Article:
Since the emergence of television, each generation has had its own special scientist. The boomers had Carl Sagan; millennials grew up with Bill Nye. Neil deGrasse Tyson, director of the Hayden Planetarium in New York City and face of the modern-day “Cosmos: A Spacetime Odyssey,” is today’s astrophysicist-at-the-kitchen-table. “We are stardust, brought to life,” Tyson writes in 2019’s Astrophysics for People in a Hurry. With a mind-boggling output of books, podcasts, television and tweets — plus an audience that includes hardcore science enthusiasts and pop-culture aficionados alike — it seems that Tyson is built from a special kind of stardust, both ubiquitous and dazzling.
On Tuesday, Jan. 21, Tyson takes the stage at Harrah’s Cherokee Center Asheville for An Astrophysicist Reads the Newspaper, where he’ll parse current events in real time. He recently spoke to Xpress about journalism, the internet and the current status of Pluto.
Xpress: When I think of you, science isn’t the first word that comes to mind. It’s curiosity.
Tyson: All of us, as children, are curious to the point of putting our lives at risk. As soon as we are mobile, we are investigating. This curiosity, if you retain it, is a fundamental part of being a scientist. When I think of scientists, I think we’re all just kids. Now, as adults, we have more expensive toys. Telescopes and microscopes and particle accelerators …
Yes, we all have one of those.
Laughs. But it’s coming from the same place. When people ask me how to get their kids interested in science, I say, “They’re already scientists, because they’re already curious. Just get out of their way.”
As a public figure, you’re very accessible. When did you start taking such a social approach to your discipline and why?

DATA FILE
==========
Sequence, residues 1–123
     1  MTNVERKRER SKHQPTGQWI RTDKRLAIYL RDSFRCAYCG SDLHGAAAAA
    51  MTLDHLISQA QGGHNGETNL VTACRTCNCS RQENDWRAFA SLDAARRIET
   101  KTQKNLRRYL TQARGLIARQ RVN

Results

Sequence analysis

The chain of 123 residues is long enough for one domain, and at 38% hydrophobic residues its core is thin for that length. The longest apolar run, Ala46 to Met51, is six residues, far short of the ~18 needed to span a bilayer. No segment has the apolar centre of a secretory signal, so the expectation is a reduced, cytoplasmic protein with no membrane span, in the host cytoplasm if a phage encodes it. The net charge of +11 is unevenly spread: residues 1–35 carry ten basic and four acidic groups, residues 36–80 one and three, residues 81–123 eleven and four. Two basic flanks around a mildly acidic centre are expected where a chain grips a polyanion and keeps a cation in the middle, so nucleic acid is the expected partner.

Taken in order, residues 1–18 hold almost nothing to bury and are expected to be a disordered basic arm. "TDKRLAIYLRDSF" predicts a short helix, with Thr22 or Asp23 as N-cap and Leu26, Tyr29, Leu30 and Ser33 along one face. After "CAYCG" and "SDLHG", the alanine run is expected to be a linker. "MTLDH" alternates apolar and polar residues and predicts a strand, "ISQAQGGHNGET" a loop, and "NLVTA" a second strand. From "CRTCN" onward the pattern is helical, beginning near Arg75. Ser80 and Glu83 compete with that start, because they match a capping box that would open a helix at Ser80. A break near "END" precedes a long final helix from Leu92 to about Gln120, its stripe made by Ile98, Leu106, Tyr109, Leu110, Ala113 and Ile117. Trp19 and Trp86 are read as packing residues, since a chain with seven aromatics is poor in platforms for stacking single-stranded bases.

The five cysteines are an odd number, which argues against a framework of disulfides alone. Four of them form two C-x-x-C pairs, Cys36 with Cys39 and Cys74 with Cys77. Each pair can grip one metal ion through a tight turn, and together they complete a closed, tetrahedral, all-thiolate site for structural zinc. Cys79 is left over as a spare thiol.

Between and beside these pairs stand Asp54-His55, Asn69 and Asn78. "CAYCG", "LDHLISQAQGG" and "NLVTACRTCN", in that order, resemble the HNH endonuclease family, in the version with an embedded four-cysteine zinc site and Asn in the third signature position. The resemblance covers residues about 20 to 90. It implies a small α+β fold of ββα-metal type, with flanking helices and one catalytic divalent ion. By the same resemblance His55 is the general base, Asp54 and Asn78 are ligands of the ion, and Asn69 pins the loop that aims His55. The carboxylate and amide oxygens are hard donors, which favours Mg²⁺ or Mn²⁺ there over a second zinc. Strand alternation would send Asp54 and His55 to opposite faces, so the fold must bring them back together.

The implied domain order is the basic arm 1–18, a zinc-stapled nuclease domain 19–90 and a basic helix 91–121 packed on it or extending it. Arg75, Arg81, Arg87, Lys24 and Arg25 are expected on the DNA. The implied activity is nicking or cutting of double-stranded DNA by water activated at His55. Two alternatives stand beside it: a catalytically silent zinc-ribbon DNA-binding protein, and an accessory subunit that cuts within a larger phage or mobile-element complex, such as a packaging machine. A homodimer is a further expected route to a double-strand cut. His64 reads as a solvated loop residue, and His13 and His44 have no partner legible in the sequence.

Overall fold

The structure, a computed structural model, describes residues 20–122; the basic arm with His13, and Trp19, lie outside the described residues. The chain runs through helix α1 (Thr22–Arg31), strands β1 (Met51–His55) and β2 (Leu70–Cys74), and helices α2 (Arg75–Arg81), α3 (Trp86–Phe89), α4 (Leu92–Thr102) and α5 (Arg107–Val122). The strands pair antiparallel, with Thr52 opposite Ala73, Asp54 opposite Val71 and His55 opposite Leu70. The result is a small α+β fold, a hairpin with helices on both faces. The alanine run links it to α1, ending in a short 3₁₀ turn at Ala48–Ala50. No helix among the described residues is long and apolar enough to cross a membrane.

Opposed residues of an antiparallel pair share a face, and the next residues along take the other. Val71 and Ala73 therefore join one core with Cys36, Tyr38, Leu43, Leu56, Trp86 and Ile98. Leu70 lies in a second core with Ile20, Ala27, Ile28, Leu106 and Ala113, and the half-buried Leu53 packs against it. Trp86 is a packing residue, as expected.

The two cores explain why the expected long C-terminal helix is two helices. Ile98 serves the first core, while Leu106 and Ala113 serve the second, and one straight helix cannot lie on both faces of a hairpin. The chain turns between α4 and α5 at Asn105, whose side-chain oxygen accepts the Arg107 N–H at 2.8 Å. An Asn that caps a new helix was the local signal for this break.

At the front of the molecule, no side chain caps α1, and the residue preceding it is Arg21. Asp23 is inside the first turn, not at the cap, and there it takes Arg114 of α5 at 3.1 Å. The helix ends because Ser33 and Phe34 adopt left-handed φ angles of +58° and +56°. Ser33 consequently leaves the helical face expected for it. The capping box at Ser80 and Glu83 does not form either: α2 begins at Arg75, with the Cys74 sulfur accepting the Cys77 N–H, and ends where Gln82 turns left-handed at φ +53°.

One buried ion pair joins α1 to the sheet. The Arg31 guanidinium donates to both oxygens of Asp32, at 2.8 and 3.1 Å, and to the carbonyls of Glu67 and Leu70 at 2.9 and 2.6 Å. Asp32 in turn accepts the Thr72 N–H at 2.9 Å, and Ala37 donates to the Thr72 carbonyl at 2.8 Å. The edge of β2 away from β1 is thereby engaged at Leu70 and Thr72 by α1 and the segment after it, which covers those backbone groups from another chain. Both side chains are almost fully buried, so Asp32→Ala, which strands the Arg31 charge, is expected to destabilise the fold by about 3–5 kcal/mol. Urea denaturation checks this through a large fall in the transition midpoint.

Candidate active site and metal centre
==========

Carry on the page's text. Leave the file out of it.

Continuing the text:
I was just doing my normal thing of being a scientist when people on Reddit said, “Neil, they want you to do an [Ask Me Anything].” So, I got pulled in. There’s an appetite for what I have to offer, and I’m being called to express it. I would be irresponsible if I didn’t come to that calling. With tweeting, it’s a little more selfish. I’m sharing my curiosity, but when I see different reactions, I take notes. I fold that into how I deliver my public talks, which are now much more informed by my audience. It helps feed my capacity to entertain.
It’s an experiment, just like everything else.
It’s an experiment in communication.
How have you seen scientific literacy change in the age of social media?
It’s scary. In the old days, you’d have some crazy idea, and you might go to the library or the encyclopedia. If no one supports your idea, you realize it’s probably crazy and move on. Today, you type your crazy idea into search and you get a false sense of objectivity. If you’re not the only one who thinks that way, then it must be true.
And all of a sudden the earth is flat again.
And vaccines are bad for you, and the climate is not changing. This is the opposite of science literacy. This is a slope that landed in some dungeon. Everyone around you is saying, “You’re in paradise,” but you’re really in a dungeon. There’s more access to science than ever before, and there’s more access to nonscience than ever before. They are operating at the same time, and that’s quite a challenge.
In Asheville, you’ll be reading the newspaper. Talk me through what that looks like.
You will see the fun, the folly and the fiction of what people are presenting as facts. Trump says we need a Space Force. In Florida, there’s a storm and the sheriff says, “Do not shoot your guns into the hurricane.” It’s basically current events through the lens of an astrophysicist.
Finally, can you set the record straight on this hot-button issue? Is Pluto a planet, or no?
Get over it! The classification system, which classifies Pluto as a dwarf planet, was voted on in 2006. It’s been that way for 13 years.
It came back around this summer.
It did, and that’s because the person who was the principal investigator of the mission to Pluto, New Horizons, is making a big stink. But, no. We are silently moving on. Pluto is exactly where it should have always been: It is a dwarf planet.
WHO: Neil deGrasse Tyson
WHERE: Harrah’s Cherokee Center Asheville, 87 Haywood St., ticketmaster.com
WHEN: Tuesday, Jan, 21, 7 p.m. $34-$105